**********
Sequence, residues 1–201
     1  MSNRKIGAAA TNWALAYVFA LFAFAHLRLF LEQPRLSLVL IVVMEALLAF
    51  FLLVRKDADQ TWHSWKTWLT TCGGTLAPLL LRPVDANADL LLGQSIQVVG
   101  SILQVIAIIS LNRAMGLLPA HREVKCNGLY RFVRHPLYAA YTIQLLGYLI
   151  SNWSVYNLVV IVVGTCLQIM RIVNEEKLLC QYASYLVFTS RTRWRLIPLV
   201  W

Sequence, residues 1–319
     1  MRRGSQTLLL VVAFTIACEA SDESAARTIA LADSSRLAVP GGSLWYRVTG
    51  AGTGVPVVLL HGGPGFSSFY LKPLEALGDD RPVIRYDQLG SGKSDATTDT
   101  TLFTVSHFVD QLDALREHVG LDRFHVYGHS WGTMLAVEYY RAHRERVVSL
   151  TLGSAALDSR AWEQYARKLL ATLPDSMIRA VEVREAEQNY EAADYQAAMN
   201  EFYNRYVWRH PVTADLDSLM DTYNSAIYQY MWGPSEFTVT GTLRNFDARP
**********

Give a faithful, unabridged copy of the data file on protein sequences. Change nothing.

Sequence, residues 1–201
     1  MSNRKIGAAA TNWALAYVFA LFAFAHLRLF LEQPRLSLVL IVVMEALLAF
    51  FLLVRKDADQ TWHSWKTWLT TCGGTLAPLL LRPVDANADL LLGQSIQVVG
   101  SILQVIAIIS LNRAMGLLPA HREVKCNGLY RFVRHPLYAA YTIQLLGYLI
   151  SNWSVYNLVV IVVGTCLQIM RIVNEEKLLC QYASYLVFTS RTRWRLIPLV
   201  W

Sequence, residues 1–319
     1  MRRGSQTLLL VVAFTIACEA SDESAARTIA LADSSRLAVP GGSLWYRVTG
    51  AGTGVPVVLL HGGPGFSSFY LKPLEALGDD RPVIRYDQLG SGKSDATTDT
   101  TLFTVSHFVD QLDALREHVG LDRFHVYGHS WGTMLAVEYY RAHRERVVSL
   151  TLGSAALDSR AWEQYARKLL ATLPDSMIRA VEVREAEQNY EAADYQAAMN
   201  EFYNRYVWRH PVTADLDSLM DTYNSAIYQY MWGPSEFTVT GTLRNFDARP